At this spring’s Tesla Autonomy Investor Day event, Elon Musk once again dissed the “fools” relying on LiDAR for self-driving vehicle development — prompting the hashtag “LiDAR” to trend globally on Twitter.
Computer vision and hardware engineers and researchers are familiar with the hackneyed LiDAR debate. Although Light Detection and Ranging has proven its reliability and accurate ranging capabilities, the hardware’s size and cost of some US$10,000 per unit are huge obstacles to its mass commercialization.
The technical question is whether to wait 10 or more years for computer vision research to solve the ranging problem or for cheap LiDARs to hit the market. However, since the business mindset is to focus on short-term feasible technologies, the lack of serious buyers is the real problem for the LiDAR industry.
Defending Doubts from Buyers and Partners
A number of startups launched solid-state LiDARs in 2016-2017, optimistic that unit prices would drop to hundreds of dollars with mass production. Finding bulk buyers to drive demand has however been difficult.
In order to survive, LiDAR companies need to either secure orders from L4 autopilot teams or integrate with auto manufacturers’ supply chains. The L4 research teams can only support a few LiDAR makers, while most traditional auto makers have yet to embrace the tech — a notable exception being the Audi A8’s use of the discreet Valeo SCALA.
Top tier auto parts suppliers such as Bosch, Aptiv, ZFAuto part manufacturers have not exactly embraced the commercialization of L3/L4 self-driving tech such as pricey LiDARs. At the Shanghai Auto Show this April a Bosch rep explained, “Probably by 2020, we will have more than 40 models installing L2 systems, but L3, not in the near future.”
Small autonomous driving startups, who used to partner with LiDAR companies at auto shows, are resetting their agendas. Some are using pre-equipped vehicles or testing other tech products, while many have left the industry altogether. A startup rep told us “car manufacturers are considering many promising sensors for mass production targeting the year 2021… unfortunately, LiDAR is not on the list.”
LiDAR manufacturers have not given up — one developer told Synced that “people who believe in pure computer vision are fools… I’m certain that by 2021 LiDAR can enter mass production because the only barrier now is regulations. After that’s solved, LiDARs will be equipped on green-energy or high-end cars, which will reduce the fraction cost, since retail price of these cars is US$40,000 and above.”
Companies and Their Over-Marketing Problems
As the academic and industry debates continue, one LiDAR poster child is being criticized for over-marketing.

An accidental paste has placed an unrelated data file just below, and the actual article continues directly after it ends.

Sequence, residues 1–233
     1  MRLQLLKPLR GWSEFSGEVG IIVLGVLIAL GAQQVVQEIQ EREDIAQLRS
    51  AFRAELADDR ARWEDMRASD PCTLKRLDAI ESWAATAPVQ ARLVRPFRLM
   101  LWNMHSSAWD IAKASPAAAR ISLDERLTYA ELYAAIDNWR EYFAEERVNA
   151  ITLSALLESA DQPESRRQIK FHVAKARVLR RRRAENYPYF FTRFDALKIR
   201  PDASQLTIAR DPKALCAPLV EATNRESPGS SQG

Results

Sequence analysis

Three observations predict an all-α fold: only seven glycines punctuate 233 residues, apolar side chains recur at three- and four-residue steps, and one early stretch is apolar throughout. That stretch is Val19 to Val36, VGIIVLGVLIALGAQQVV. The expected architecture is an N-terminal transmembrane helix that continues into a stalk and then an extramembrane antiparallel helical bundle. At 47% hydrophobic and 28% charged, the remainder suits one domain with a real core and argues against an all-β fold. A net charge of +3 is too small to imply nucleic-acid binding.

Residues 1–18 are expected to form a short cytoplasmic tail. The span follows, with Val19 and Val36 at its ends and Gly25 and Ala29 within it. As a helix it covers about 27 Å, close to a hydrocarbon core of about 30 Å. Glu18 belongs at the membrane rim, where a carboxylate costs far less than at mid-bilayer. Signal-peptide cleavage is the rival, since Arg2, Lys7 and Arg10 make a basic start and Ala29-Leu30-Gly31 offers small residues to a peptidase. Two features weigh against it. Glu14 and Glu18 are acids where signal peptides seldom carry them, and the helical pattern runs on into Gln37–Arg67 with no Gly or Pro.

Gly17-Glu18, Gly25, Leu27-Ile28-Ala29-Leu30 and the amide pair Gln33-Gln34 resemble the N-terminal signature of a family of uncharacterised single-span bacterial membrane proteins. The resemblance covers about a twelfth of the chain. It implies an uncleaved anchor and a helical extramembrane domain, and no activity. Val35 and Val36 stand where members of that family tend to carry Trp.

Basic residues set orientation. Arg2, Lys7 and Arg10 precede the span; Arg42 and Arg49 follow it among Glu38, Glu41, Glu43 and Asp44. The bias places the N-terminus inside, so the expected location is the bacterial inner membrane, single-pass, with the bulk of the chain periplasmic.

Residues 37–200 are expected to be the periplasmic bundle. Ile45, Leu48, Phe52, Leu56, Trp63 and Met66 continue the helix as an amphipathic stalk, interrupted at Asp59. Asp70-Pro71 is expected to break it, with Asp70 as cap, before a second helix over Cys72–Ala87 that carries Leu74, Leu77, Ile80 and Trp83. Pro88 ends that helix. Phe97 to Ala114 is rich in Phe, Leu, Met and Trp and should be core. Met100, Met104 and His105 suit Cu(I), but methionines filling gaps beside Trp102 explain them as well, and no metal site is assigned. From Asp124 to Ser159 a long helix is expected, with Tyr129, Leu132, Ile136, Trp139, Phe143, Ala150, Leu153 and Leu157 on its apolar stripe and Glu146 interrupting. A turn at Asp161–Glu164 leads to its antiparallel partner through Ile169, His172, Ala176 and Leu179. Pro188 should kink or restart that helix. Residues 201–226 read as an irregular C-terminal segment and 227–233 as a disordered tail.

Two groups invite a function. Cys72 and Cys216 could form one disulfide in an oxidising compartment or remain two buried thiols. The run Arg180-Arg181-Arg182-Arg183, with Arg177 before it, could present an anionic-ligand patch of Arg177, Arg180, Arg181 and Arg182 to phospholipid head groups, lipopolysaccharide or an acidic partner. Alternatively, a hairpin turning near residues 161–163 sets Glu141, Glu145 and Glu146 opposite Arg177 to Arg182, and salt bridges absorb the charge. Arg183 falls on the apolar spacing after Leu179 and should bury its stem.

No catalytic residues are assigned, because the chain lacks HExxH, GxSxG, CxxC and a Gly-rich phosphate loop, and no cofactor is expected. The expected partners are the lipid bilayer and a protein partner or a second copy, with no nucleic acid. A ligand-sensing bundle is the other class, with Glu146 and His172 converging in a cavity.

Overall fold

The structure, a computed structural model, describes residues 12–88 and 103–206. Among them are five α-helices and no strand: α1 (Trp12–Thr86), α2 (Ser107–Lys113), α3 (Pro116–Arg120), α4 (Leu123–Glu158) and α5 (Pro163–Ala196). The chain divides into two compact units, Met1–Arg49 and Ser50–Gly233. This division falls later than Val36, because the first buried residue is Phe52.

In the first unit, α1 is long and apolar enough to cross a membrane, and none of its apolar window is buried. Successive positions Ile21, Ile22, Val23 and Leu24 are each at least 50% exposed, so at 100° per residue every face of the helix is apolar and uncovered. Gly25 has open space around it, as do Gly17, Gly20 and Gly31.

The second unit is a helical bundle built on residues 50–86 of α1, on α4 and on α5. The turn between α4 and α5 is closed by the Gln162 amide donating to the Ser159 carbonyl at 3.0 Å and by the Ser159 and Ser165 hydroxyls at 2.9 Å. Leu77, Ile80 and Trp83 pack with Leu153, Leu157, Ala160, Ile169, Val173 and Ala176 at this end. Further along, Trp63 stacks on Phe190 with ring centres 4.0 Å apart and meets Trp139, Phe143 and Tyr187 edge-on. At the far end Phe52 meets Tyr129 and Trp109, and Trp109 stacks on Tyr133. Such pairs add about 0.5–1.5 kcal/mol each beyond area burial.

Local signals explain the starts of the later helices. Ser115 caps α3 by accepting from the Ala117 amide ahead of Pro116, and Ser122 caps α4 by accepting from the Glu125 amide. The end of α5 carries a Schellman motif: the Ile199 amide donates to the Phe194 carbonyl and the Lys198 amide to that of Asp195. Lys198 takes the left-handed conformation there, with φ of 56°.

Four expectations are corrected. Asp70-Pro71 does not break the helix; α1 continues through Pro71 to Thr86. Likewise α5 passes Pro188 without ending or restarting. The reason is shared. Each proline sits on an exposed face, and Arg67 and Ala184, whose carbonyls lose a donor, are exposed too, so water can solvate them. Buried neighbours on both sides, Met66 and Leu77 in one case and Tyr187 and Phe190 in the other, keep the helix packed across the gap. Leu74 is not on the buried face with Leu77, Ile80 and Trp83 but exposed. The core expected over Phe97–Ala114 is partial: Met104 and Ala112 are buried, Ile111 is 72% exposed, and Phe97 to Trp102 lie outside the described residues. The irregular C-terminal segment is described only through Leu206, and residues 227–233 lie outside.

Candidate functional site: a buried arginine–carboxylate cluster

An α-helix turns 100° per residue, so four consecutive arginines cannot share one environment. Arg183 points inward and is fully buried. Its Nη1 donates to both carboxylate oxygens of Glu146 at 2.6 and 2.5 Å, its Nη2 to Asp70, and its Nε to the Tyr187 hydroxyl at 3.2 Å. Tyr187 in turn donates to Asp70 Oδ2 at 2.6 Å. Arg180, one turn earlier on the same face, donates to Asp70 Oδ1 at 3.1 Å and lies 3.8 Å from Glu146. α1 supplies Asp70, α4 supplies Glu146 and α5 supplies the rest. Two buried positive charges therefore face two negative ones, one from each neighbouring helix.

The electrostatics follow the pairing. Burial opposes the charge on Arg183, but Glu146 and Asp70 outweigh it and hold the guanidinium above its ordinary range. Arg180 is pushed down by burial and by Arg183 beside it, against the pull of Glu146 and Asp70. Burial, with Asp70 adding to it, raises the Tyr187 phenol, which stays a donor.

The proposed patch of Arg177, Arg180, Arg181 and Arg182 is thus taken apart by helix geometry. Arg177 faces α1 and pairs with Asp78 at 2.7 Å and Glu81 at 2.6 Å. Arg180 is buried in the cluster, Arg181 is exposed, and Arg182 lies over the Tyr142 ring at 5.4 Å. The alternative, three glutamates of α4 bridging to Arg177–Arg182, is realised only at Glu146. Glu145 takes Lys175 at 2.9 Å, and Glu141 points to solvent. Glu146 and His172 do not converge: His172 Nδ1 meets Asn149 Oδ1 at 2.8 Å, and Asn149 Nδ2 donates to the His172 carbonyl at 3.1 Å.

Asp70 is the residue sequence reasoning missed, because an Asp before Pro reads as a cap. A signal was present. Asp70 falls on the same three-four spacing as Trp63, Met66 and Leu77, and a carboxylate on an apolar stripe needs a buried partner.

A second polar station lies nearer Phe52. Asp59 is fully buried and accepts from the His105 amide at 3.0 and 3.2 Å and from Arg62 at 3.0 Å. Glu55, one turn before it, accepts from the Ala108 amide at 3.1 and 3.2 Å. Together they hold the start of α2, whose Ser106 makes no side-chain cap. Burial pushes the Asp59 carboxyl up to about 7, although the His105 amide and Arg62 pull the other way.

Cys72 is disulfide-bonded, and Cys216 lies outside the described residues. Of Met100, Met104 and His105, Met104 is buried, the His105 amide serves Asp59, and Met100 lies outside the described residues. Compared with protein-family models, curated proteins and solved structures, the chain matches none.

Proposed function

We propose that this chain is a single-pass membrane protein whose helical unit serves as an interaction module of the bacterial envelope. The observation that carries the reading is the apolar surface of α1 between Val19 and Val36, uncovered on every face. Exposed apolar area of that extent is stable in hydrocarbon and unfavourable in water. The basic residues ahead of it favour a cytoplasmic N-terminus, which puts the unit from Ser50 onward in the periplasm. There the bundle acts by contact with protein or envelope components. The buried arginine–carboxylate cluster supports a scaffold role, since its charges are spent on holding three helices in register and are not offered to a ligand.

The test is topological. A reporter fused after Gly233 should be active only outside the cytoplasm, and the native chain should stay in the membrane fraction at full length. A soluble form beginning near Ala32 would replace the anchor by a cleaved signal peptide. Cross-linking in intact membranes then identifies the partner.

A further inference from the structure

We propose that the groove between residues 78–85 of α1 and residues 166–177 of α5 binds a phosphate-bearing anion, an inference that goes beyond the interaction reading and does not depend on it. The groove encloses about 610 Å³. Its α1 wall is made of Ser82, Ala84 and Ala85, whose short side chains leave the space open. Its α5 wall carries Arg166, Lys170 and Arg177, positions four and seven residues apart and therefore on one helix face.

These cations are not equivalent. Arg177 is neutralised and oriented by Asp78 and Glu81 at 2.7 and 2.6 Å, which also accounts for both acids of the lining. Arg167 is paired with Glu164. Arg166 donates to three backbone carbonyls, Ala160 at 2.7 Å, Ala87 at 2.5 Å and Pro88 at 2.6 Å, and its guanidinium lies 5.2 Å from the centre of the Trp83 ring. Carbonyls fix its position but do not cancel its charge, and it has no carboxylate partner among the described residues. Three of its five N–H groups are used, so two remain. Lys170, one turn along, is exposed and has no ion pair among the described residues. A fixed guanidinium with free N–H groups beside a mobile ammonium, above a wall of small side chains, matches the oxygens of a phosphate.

Founded in 2012, LiDAR unicorn Quanergy has completed five rounds of financing totaling more than US$100 million for its solid-state LiDARs. In 2018 however Bloomberg published a feature story, How a Billion-Dollar Autonomous Vehicle Startup Lost Its Way, detailing Quanergy’s technical stasis.
For example, although the startup strove to produce LiDAR products on a strict schedule, some insiders claim the products were not as good as advertised, and that no solid-state equipment meeting Quanergy requirements has yet come off the company’s assembly line.
In addition, the mechanical LiDAR prototype M8, introduced in 2016, was roundly returned by customers. Meanwhile, Quanergy has begun to shift its tech focus away from LiDAR, with plans for example to help develop President Donald Trump’s digital Mexican border wall.
Quanergy is not the only company running into problems. An engineer working on L4 autopilot technology told Synced “testing early products of global LiDAR companies reveals big differences between advertised accuracy, vulnerability, product life, and detection range and the real world performance of the products.”
It was an open secret a couple of years ago that many solid-state LiDAR products at high-profile launch events were actually usable, and only mounted atop cars for show.
Only a Few Companies Will Survive the Winter
The year 2013 saw breakthroughs for LiDAR companies. Quanergy Systems, favoured by the capital market for several years, completed its seed round financing; TriLumina, which provides lighting solutions for the industrial sector, reached out to the automotive field; and close to a hundred companies crammed into the promising market subsection.
By 2019 however market activity had subsided. Now, investors are putting their money into just a few companies. Innoviz, Ouster, and Luminar are among those who have pocketed tens to hundreds of millions in financing rounds.
Moving forward, it is natural that only those LiDAR companies that can garner buyer support will survive. And what will become of the others? “We are not talking about accelerating mergers and acquisitions, but companies dying in this field,” an industry insider tells Synced. “It’s not that the big guys are necessarily better, it’s just that the others are all gone.”
Source: Synced China
Localization: Meghan Han | Editor: Michael Sarazen | Producer: Chain Zhang